• pappageorgio - Oct 1, 2013 at 11:12 AM

        So at what point will it be ok to start giving money and accepting cargo from Kim Jong Un? Because they are a lot alike……only one of them is just a hop and a skip from our sothern border.

        Crazy + Old (and nothing to lose) + still pissed because we tried to kills the guy like 50 times= not a good situation. Maybe you’re too young or just can’t read a history book…..but Castro is not a very nice man, he’s shown that he’s a bit unstable, and hates the US.

        The bleeding liberals can call it “fearmongering” all they like……when someone shoves a dirty bomb up our a** you’ll be the first one to ask “how did our gov’t let this happen?”. Maybe you’d prefer Castro’s method of torture and murder to the NSA’s domestic spying?

        When Castro goes restrictions will be losened but until he does they stay in place……I ‘m comfortable with that.

      • chill1184 - Oct 1, 2013 at 11:30 AM


        LOL at you calling me a liberal. Sorry to burst your bubble but Im a libertarian, conservatism is just as statist and authoritarian as the next liberal.. Your reasoning for keeping this cold war relic around (among other statist programs conservatives support) is the same reasoning the left uses for gun control all you did was change the terms.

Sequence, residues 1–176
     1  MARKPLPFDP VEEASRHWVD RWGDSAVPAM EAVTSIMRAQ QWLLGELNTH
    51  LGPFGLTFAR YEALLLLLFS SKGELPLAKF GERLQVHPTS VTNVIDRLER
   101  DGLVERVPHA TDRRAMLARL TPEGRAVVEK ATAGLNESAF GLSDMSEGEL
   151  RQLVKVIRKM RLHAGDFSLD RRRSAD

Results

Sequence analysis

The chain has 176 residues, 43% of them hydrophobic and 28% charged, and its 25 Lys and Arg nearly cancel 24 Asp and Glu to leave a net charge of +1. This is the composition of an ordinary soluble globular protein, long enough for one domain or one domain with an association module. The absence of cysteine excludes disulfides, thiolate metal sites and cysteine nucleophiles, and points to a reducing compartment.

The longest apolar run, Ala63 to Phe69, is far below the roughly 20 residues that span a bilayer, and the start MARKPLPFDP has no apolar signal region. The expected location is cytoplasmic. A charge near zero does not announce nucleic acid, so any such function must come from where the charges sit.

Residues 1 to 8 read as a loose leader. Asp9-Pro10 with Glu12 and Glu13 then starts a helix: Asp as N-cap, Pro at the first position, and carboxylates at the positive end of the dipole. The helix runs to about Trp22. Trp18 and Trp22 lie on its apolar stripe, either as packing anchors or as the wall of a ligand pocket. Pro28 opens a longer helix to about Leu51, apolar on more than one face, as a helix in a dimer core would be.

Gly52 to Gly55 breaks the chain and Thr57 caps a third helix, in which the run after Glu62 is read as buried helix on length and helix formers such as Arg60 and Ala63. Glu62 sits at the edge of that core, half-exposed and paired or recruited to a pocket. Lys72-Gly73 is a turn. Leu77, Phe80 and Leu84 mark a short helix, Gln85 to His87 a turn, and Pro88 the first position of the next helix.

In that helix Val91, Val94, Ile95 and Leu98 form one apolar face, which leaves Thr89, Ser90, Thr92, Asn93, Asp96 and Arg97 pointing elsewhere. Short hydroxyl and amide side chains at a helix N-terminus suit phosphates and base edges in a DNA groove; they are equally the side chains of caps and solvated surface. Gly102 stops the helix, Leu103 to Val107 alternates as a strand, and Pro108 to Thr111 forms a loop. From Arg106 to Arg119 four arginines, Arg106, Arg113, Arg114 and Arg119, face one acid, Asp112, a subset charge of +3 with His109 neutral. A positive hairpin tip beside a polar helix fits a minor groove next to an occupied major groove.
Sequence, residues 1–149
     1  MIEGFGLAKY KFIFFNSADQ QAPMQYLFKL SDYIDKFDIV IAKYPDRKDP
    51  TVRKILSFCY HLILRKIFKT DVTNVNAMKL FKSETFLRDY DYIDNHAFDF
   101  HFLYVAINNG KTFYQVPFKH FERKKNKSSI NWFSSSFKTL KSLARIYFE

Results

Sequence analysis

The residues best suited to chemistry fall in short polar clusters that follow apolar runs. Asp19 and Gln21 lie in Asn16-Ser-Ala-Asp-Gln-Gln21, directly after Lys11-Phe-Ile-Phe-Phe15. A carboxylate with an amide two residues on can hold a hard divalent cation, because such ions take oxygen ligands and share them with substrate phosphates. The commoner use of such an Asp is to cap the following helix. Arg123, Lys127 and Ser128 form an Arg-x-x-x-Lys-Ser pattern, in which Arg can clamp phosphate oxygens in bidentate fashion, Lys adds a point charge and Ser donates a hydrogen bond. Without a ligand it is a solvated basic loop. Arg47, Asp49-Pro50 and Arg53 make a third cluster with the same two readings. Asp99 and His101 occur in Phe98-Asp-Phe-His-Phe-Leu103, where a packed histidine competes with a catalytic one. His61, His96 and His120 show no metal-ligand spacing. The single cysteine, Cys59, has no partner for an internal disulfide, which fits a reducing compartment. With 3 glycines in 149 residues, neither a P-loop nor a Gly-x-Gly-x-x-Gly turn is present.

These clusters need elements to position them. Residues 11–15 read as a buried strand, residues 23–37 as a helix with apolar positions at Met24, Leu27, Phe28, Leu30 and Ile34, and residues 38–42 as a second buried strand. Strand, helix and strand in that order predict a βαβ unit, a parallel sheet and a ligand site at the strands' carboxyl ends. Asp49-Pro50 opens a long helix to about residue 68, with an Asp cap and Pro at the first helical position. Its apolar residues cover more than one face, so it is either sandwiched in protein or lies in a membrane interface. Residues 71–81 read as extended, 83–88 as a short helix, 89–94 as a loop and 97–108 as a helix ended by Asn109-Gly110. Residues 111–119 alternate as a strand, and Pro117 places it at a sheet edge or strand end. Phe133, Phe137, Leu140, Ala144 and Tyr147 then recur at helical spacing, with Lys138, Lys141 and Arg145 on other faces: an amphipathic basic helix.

Perhaps you tend to forget (or choose to ignore) that we also trade with authoritarian regimes such as Vietnam, Saudi Arabia, Jordan, China among others.

        As for your pathetic ““how did our gov’t let this happen?” bs, you forget that libertarians advocate the massive reduction of the state and heavily favor privatization in many areas. Unlike you conservatives only support liberty when your brand statist thugs are removed from power.

      • Old Gator - Oct 1, 2013 at 1:18 PM

        Funny conversation, pappa. Chilli and I are at opposite ends of the political spectrum but we both seem to find your arguments ridiculous. Let’s try a few points: